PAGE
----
One of the unusual features of the U.S. mortgage market is that borrowers are obliged to select a lender before they know the price. They have a price quote from the lender they select, and the quote may be instrumental in their selection decision, but the price is preliminary. It is not final until it is locked by the lender.

Before the crisis, it was common to lock on the spot, which meant locking the quoted price. Today, that is the exception, reflecting tighter underwriting requirements and the increased risk to lenders of closing a loan that does not conform exactly to the rules. Locks are usually delayed for some days, sometimes for weeks.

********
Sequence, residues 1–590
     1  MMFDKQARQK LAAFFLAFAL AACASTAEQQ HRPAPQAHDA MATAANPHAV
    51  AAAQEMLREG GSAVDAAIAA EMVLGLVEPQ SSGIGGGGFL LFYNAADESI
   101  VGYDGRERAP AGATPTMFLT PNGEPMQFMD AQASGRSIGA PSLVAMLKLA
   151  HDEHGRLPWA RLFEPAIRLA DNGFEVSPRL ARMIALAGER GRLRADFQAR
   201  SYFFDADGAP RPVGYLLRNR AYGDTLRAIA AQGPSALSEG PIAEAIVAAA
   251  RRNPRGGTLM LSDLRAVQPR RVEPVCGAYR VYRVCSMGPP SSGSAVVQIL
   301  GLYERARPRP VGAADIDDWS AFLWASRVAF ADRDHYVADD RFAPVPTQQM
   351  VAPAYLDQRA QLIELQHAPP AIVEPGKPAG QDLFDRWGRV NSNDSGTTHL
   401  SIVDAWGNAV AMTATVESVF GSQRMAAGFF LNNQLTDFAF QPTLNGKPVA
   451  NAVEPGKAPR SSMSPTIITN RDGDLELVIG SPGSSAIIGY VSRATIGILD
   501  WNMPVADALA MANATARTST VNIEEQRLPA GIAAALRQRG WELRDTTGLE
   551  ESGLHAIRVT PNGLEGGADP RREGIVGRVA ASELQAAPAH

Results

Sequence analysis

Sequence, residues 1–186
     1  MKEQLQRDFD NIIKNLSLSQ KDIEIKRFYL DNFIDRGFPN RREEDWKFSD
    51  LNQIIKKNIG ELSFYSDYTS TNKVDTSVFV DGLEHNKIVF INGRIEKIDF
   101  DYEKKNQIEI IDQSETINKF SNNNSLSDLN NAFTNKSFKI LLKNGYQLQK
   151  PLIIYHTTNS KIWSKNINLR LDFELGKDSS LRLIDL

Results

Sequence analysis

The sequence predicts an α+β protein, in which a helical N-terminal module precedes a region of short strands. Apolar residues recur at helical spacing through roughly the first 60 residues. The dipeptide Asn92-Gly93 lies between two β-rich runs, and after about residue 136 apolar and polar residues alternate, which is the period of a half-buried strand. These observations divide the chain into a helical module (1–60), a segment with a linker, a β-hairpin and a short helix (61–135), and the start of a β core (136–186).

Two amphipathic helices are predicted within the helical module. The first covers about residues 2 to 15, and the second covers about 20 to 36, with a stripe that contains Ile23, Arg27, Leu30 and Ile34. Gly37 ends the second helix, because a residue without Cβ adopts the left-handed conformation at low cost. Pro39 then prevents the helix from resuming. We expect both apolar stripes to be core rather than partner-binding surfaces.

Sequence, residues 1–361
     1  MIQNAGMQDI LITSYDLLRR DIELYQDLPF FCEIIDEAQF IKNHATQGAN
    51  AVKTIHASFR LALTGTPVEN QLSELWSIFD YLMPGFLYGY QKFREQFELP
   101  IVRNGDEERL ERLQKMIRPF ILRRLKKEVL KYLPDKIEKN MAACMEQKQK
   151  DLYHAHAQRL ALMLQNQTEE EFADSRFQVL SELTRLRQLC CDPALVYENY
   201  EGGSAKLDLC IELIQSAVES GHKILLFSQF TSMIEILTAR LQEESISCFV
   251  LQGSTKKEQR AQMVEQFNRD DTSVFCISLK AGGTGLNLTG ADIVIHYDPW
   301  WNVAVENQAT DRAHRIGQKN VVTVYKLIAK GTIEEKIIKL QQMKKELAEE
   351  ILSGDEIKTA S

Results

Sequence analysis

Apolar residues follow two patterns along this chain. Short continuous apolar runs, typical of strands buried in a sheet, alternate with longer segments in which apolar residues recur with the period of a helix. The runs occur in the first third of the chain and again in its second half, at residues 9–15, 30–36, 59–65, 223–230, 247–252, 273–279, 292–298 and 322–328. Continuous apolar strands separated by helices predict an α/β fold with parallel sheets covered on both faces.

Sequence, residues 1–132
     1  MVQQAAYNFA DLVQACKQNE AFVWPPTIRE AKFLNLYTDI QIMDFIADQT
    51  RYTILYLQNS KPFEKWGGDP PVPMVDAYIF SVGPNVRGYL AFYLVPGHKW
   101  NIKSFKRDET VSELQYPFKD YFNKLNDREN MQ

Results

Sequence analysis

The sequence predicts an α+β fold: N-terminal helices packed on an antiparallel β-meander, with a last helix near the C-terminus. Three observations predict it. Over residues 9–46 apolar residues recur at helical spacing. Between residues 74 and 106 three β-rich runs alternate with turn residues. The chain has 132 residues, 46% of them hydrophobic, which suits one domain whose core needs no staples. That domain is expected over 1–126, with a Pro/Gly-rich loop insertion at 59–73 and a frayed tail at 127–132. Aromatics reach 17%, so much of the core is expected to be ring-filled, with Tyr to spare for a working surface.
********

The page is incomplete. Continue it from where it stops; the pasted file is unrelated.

Delays in locking mean that the lock price can differ from the price quote on which the borrower made a selection decision. The lock price can be higher or lower, but more often than not it is higher. These articles will explain why.

One reason the lock price can differ from the quoted price is that market conditions change. Mortgage prices are reset every morning, and sometimes during the day. Until the loan is locked, the price will change with the passage of time.

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